As we gather or pause to acknowledge and celebrate Women’s Equality Day, we would do well to remember that women do not want to be men. Fighting to win the right to vote one hundred years ago, was not the beginning of women trying to become men.
Women simply wanted to have the right to express their opinions and cast a vote in what they thought was in the best interest of their family, community, state and nation, just as men.
For centuries and across generations, a lot of misunderstanding, resistance, and obstruction that women have faced and endured, and continue to do so, in their quest for equality has been based upon the misguided notion that women want to be men.
Women do not want to be men. What they want, have fought for, and continue to fight for are: equal access to an education, equal pay for doing the same job, equal respect and freedom from sexual harassment and sexual abuse in the home and in the workplace.
To achieve equality, why must women deny, minimize or marginalize their womanhood, the things that make them uniquely female? Men do not have to change, alter or change their essence as they seek to have access to educational and job opportunities. Why should women?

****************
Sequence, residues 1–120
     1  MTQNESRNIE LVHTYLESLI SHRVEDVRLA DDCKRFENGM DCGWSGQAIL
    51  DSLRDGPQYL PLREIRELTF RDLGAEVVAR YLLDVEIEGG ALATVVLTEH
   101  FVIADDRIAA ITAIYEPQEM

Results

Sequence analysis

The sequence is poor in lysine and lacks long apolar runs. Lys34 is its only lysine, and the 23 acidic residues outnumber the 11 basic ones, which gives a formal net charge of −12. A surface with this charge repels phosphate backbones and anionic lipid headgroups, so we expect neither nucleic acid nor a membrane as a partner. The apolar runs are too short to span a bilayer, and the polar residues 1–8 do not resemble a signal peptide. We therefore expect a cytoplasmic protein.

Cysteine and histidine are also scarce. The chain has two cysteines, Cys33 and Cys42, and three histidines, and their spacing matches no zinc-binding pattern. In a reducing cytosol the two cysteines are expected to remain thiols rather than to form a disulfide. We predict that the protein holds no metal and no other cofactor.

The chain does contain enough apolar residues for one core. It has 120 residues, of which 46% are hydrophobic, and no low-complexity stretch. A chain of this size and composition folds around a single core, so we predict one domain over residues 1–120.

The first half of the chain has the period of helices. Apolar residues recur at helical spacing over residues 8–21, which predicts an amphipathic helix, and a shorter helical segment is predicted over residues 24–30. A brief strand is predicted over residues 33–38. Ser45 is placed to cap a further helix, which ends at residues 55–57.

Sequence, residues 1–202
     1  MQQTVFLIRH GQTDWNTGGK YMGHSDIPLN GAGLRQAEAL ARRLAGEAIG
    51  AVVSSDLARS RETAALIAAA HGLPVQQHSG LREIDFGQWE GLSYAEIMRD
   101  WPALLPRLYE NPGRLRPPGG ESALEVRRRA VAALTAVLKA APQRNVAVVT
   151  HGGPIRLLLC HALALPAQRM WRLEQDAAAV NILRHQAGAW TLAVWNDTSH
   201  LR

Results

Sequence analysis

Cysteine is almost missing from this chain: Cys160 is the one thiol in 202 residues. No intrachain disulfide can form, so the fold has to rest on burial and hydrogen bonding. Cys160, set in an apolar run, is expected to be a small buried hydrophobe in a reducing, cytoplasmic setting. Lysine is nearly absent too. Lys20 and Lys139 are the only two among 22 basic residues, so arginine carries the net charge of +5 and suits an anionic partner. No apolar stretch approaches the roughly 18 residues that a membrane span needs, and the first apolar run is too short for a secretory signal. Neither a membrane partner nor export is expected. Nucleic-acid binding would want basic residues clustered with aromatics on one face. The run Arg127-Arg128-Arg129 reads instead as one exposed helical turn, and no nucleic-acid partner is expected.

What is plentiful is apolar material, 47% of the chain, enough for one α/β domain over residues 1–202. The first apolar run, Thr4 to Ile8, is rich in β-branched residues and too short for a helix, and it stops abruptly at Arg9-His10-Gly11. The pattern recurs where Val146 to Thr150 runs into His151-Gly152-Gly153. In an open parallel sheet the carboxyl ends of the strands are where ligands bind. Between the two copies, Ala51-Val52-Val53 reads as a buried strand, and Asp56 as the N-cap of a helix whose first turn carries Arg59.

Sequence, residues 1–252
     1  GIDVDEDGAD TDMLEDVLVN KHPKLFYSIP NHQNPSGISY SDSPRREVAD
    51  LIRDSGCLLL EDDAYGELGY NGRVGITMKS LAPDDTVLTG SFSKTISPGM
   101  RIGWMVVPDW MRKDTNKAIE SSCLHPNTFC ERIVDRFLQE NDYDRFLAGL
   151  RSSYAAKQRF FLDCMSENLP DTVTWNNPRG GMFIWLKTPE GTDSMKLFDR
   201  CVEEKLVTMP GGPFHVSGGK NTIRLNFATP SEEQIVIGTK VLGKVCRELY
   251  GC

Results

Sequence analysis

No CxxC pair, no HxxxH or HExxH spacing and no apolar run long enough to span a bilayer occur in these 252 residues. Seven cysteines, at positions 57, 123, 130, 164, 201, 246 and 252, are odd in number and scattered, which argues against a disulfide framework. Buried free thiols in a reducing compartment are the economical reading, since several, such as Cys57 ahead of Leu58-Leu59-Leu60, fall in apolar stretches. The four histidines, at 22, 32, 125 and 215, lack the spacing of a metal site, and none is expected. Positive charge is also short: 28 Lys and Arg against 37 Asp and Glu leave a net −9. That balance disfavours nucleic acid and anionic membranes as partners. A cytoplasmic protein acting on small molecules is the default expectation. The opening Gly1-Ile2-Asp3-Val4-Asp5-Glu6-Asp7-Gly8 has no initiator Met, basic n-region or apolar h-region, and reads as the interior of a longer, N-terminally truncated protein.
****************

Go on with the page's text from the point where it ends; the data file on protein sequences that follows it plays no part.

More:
But, during this journey, this fight to gain equality and respect for their abilities, many times women have had to project attributes—from dressing to speech—to prove they are just as smart, just as capable as men. Women do not want to be men. They want to be themselves and not be penalized or degraded for it.
Equality between men and women need not be an adversarial endeavor. One need not gain at the expense of the other. Mutual respect for abilities, positions, and contributions can be beneficial for all.
Women’s Equality Day is set aside to commemorate the certification of the 19th Amendment, which granted women the right to vote in the United States. It should be noted that the Equal Rights Amendment, which would guarantee that women would not be denied any rights because of their sex, has yet to be ratified and made part of the Constitution. Women have been working to pass the Equal Rights Amendment for the last fifty years.
Men and women can work together with mutual respect and share in the benefits of equal treatment across the board without losing identity that is uniquely theirs.
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